After a Democratic presidential debate in July, MSNBC host Chris Matthews interviewed Elizabeth Warren and tried relentlessly to get her say that if we pass Medicare-for-all, taxes would go up. She refused to give him the sound bite he was after, insisting that the real question is whether the total amount people pay for health care — through taxes, but also in premiums, deductibles, and co-pays — goes up or down, and she insisted that total costs would go down for most people.
At Thursday’s debate it happened again, but this time it was ABC’s George Stephanopoulos acting as though it was of pressing importance to get the words “Taxes will go up” to pass Warren’s lips. He asked her first to “make that admission” that middle class taxes would increase under Medicare-for-all, and when she didn’t, he came back again. Here’s part of the exchange:
STEPHANOPOULOS: Direct question. You said middle-class families are going to pay less. But will middle-class taxes go up to pay for the program? I know you believe that the deductibles and the premiums will go down. Will middle-class taxes go up? Will private insurance be eliminated?
WARREN: Look, what families have to deal with is cost, total cost. That’s what they have to deal with. And understand, families are paying for their health care today [...]
And the answer is on Medicare-for-all, costs are going to go up for wealthier individuals and costs are going to go up for giant corporations. But for hard-working families across this country, costs are going to go down and that’s how it should work under Medicare-for-all in our health care system.
Warren is obviously determined not to give people like Matthews and Stephanopoulos what they’re after. The question that interests me is, why are they so determined to get her to say that taxes would go up?
I suspect that if you asked them why the answer to that question is so important to them, they’d give you a bunch of substance-free hemming and hawing about how it’s a key political question and therefore they have to get an answer to it.
But if you pressed them and said, “But why does it actually matter? Why is it more important than the total cost people pay?”, they wouldn’t be able to come up with even a halfway plausible response.
That’s because from where they sit, there is almost no goal more important than creating moments that are dramatic and controversial, and will be replayed and discussed on their own networks and in other news outlets. Drama and controversy occur when a candidate says something that generates a strong reaction, often in the form of harsh criticism from the other party.
If the question you’ve put to a candidate winds up in an attack ad against them, you’ve done your job. The fact that Republicans would attack Warren for saying “Taxes will go up” is precisely why they want to get her to say it.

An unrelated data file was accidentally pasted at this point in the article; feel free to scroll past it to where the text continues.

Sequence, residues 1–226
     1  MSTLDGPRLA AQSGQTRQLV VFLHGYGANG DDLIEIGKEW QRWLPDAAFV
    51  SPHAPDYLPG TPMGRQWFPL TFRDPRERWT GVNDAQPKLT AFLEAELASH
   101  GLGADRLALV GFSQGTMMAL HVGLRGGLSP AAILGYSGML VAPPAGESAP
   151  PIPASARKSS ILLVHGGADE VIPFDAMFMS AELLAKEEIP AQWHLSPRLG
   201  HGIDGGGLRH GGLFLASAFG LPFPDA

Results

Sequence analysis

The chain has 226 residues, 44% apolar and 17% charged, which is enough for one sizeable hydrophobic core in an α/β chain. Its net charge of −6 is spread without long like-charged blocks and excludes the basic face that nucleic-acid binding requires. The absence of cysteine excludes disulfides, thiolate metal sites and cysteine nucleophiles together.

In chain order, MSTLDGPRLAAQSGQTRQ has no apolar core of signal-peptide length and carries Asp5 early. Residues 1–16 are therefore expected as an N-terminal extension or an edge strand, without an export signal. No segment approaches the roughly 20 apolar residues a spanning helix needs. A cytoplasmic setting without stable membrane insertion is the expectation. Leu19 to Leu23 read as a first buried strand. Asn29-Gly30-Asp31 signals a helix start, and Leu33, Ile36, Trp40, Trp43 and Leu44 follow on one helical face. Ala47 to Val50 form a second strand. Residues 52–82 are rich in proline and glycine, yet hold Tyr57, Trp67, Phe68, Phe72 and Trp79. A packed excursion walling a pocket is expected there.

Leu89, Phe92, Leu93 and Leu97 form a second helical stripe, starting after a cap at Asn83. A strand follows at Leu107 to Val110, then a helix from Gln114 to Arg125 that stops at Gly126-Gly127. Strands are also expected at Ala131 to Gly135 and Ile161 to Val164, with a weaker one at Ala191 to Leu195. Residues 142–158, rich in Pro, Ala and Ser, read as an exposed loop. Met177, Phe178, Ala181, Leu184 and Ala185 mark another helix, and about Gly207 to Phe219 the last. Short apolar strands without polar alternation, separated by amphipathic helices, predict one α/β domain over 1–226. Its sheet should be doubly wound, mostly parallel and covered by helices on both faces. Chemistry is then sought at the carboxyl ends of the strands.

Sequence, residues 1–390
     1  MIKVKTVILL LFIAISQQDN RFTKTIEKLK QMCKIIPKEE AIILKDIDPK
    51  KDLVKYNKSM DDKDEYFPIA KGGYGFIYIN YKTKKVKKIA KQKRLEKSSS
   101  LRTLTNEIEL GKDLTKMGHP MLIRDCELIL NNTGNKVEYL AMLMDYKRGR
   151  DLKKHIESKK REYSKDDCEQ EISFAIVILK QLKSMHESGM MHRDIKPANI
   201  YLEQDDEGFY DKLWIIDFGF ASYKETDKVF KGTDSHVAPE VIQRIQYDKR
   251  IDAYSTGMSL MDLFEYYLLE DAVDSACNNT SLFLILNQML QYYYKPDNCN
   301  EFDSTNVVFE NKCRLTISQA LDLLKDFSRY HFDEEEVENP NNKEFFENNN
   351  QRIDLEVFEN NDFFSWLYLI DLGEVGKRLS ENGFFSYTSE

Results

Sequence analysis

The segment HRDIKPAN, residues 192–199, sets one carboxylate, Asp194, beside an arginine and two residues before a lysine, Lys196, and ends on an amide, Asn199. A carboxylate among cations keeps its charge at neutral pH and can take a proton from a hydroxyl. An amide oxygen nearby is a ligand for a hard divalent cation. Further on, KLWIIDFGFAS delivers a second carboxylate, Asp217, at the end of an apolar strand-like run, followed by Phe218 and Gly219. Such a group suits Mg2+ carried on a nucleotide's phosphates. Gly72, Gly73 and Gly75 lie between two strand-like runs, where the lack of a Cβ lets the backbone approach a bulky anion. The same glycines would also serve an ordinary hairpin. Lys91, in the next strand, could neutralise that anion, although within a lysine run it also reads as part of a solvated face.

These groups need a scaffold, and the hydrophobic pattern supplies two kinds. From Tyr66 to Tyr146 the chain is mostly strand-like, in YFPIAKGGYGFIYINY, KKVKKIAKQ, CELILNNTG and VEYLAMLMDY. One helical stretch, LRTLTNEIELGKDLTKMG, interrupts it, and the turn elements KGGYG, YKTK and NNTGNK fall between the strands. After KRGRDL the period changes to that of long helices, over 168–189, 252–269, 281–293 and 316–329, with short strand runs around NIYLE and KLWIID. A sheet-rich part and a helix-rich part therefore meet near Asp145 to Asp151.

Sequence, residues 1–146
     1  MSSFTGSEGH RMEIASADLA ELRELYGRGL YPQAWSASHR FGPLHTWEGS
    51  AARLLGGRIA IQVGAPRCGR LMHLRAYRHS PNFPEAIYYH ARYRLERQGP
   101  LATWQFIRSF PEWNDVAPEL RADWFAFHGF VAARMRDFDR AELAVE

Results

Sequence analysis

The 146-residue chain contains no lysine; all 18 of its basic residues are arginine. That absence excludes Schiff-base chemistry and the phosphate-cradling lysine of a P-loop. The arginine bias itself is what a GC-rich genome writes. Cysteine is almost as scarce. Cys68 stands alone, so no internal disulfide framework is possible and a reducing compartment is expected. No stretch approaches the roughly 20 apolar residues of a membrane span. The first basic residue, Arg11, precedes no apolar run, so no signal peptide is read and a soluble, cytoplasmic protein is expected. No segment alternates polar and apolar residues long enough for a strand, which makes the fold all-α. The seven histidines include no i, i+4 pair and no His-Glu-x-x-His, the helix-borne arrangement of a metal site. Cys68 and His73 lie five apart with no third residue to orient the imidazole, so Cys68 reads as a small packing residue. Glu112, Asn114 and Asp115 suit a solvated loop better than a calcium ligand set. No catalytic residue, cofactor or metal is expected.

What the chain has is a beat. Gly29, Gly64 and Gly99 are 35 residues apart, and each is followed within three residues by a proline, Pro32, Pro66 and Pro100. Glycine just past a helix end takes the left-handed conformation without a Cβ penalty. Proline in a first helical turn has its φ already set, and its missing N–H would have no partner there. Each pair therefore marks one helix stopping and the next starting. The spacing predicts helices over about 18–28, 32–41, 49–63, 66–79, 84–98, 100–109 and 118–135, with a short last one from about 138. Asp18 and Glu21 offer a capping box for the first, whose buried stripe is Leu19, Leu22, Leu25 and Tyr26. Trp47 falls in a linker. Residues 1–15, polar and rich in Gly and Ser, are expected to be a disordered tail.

There’s also a degree to which TV anchors and pundits offer an unspoken acceptance of a basic Republican idea, that taxes are somehow uniquely bad. You can see it in the way Matthews pressed Warren, acknowledging that total costs may go down but saying he didn’t really care, because what matters to him is whether taxes go up.
Which, when you think about it, is utterly bonkers. The average insurance premium for an employer-provided family plan is nearly $20,000 a year. If that’s what you were paying, and I told you that I could give you back that $20,000 but your taxes would go up by $10,000 so you’d wind up with $10,000 more than you had to begin with, and you replied, “No deal — I don’t want to pay higher taxes!” you’d be a complete fool.
It’s almost as if we’re starting from the assumption that what we pay now is zero, so premiums that would disappear are irrelevant and the only question is how much taxes might increase.
This operates not just at the level of what individuals pay but at the level of what we pay as a society. One study from a conservative think tank determined that Bernie Sanders’ Medicare-for-all plan would cost $32 trillion over ten years, a figure that has been repeated approximately 32 trillion times to declare how monumentally costly it would be. But according to the government’s projections, the current system will cost about $50 trillion over the same time period, meaning Sanders’ plan is much cheaper than keeping things how they are, whatever else you might think of it.
Yet I have never once heard a politician asked, “You don’t support major reform to the health system, so under your plan we’ll have to pay $50 trillion for heath care over the next ten years. Where do you intend to get that $50 trillion?”
I’ve also never heard anyone press Sanders or Warren on whether, and by how much, total costs for families really will go down under their plans. Is the median family going to pay $500 less, or $1,500, or $5,000? We ought to know, at least to the greatest extent we can determine it.
Just to be clear, it’s not illegitimate to ask a candidate how much they intend to raise taxes. The problem comes when the person doing the asking has no intention of putting the answer they get in an accurate, informative context. Imagine if that’s what everyone was really after.